The Last of Us, But Hopefully It's Not the Last of It: Let the Games Begin

I'll never forget the excitement I felt when my twin brother booted up our first ever gaming system—the infamous Nintendo Entertainment System. (NES) Seeing the bright, dazzling colors of Super Mario Bros. and The Legend of Zelda gave me a sense of bliss and elation to this new form of entertainment. It was at that moment when I felt a connection towards video games and that carried on throughout the rest of my life when I played and stacked my library up with other games like Jak and Daxter, Crash Bandicoot, Super Smash Bros., Harvest Moon, Assassin's Creed, The Walking Dead, The Wolf Among Us, Heavy Rain, Uncharted, and, finally, The Last Of Us.

            So, yeah, I really like video games. Not sure how I feel about the label "gamer girl" but that's a different discussion on its own. My point is is that I've always been fascinated by video games, from a technical standpoint and as a fan. Some of my fondest memories from childhood are the times my older sister and I would pick a part every game that we played together, and go into depth about the visual design, the gameplay, the writing, sound effects, and almost anything that made the game what it is. Our favorite part was talking about characters and how they are developed and portrayed throughout the entire gaming experience, and one of my favorite discussions is when it comes to the video game character Ellie from the award-winning video game The Last Of Us.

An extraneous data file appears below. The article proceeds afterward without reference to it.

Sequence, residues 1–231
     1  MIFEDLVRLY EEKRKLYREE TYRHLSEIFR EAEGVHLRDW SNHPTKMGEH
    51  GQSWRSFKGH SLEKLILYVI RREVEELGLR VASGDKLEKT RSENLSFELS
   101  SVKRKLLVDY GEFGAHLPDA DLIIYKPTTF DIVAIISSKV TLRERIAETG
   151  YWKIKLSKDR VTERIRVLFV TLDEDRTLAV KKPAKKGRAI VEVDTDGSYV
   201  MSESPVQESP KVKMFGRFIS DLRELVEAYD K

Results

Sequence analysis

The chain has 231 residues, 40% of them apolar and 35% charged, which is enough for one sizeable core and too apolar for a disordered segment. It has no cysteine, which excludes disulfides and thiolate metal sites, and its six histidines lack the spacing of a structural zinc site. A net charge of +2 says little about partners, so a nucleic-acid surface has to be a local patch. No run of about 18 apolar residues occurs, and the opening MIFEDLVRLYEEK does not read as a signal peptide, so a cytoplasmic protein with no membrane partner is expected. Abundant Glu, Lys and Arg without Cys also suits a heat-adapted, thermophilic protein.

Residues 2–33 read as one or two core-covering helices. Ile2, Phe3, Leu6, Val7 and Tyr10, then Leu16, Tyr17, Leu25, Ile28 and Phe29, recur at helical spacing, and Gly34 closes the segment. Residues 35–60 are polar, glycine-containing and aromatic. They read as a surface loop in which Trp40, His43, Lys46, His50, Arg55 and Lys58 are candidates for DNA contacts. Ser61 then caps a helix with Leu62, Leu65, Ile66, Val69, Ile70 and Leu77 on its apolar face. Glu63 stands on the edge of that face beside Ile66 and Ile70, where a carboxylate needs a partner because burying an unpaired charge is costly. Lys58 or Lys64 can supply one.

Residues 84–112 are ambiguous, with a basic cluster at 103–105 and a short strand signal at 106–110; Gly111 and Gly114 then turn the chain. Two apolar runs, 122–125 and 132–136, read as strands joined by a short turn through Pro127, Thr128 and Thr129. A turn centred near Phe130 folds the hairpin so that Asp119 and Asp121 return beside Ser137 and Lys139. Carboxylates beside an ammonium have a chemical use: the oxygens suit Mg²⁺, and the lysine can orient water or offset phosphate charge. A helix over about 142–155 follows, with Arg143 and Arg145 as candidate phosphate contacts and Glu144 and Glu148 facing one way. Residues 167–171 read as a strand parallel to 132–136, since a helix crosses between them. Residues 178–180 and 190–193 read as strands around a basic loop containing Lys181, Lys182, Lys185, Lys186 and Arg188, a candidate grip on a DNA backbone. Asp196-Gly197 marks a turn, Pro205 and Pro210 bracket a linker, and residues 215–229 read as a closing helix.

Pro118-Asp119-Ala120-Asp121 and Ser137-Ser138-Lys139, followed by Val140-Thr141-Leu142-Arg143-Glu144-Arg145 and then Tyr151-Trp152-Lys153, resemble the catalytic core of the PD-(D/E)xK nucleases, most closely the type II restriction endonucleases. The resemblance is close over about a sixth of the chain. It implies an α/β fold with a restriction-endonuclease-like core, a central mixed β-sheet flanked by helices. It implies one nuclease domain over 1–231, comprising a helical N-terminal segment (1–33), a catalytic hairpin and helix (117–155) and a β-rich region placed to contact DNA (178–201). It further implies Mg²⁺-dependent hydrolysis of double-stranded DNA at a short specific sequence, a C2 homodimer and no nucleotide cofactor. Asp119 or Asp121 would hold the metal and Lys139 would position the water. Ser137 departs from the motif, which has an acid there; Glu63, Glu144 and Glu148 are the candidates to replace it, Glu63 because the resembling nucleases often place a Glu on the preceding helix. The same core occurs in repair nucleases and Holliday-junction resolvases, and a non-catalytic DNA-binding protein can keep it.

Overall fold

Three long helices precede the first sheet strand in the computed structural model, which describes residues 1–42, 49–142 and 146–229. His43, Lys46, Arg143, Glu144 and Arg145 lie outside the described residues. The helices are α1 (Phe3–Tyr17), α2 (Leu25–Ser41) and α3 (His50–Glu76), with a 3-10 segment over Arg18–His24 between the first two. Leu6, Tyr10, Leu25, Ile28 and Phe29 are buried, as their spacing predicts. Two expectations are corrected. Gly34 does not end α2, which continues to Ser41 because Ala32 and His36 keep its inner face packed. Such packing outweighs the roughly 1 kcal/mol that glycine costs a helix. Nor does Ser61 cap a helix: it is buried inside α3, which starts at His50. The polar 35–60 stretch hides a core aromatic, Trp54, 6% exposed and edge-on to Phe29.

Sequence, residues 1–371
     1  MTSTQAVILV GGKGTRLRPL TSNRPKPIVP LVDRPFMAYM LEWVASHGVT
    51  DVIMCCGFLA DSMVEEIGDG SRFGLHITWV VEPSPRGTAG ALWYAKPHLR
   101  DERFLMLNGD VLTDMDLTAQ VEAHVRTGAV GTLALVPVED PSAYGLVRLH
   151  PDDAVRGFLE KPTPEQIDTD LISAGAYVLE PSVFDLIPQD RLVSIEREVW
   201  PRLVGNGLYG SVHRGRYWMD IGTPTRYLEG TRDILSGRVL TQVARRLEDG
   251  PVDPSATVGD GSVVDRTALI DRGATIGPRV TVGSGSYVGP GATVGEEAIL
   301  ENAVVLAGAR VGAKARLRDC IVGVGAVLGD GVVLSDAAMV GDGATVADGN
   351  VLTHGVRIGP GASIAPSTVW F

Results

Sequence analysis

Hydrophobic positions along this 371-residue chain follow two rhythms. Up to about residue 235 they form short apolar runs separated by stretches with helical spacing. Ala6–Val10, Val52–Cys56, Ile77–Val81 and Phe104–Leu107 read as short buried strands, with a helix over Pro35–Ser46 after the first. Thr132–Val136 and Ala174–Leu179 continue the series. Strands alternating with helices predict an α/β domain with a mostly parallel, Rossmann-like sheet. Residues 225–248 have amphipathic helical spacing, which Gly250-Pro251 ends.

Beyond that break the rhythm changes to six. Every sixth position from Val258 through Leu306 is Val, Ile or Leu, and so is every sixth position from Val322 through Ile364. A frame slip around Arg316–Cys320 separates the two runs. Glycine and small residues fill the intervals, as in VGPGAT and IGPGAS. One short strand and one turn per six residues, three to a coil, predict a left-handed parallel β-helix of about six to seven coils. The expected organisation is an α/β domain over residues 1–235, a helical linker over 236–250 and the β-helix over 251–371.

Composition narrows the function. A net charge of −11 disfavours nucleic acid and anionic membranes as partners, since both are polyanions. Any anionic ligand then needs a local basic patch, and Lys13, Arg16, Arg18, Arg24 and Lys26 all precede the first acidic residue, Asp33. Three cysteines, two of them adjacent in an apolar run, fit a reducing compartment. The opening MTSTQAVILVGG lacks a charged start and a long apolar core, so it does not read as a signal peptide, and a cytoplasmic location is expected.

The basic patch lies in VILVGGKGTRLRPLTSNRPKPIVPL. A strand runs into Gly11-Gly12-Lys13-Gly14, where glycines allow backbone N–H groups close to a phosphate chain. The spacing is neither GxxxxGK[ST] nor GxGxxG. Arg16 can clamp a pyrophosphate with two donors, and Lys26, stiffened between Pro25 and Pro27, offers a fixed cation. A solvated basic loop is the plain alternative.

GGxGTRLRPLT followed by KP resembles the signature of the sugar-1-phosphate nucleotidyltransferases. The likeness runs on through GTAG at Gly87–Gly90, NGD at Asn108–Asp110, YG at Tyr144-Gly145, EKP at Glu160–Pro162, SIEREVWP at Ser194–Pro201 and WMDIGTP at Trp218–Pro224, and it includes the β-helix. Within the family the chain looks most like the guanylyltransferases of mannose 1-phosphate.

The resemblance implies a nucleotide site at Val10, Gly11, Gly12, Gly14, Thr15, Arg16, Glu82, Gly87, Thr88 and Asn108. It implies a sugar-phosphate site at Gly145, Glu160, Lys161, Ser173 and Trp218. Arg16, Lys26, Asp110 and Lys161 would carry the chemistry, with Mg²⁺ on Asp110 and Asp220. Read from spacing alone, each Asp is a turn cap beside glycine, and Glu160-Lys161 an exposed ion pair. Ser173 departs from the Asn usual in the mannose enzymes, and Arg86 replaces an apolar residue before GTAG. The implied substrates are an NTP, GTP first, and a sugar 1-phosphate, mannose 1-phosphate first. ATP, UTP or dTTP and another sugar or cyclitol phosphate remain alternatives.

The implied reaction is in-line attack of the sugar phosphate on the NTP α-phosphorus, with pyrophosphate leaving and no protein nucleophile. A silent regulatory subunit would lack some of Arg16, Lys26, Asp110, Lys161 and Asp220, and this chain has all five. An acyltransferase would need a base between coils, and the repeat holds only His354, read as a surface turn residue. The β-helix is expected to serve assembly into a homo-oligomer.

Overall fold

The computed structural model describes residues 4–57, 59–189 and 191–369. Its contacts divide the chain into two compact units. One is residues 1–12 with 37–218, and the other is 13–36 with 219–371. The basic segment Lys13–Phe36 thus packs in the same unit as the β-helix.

To be completely honest, I was never one to pay close attention to any form of misogyny in video games—-I care more about the story than anything else. I never want characters, more specifically female characters, to feel forced or crammed in for the sake of having "diversity" or anything along those means, but that doesn't mean I don't get excited when I see females being portrayed in such a strong and honest light. The Last Of Us is a post-apocalyptic video game that focuses on a relationship between two characters and how they survive in this ominous world, but it doesn't shy away from featuring a young female called Ellie, who is only fourteen but is undoubtedly mature beyond her years. (But, that's kind of a given when you have to fight for your life in a zombie apocalypse.)  As I played through the game, I did recognize that there was a "gender equality" ideology that the game designers and developers obviously adopted, but never did I feel like it was being glamourize nor did I feel as if the essence of the gaming experienced was being harshly ripped away. Ellie is a character who was kick-ass without being arrogant and strong, but could also scared and vulnerable. But, above all, she was a living breathing character, regardless of gender. There's no doubt that the gaming community has come a long way in terms of transitioning into more socially acceptable gaming concepts, which you could evidently say the same for other entertainment mediums, and seeing the way The Last Of Us has been well-received, not in spite of Ellie but because of her, it makes me want to be more attentive towards the kind of stories that video games, films, books, and TV shows want to tell and how they can have a positive effect on society. "Gamer girl" or not, I'd recommend The Last Of Us to anyone who wants an honest and appealing game filled with badass characters with a crux of female empowerment.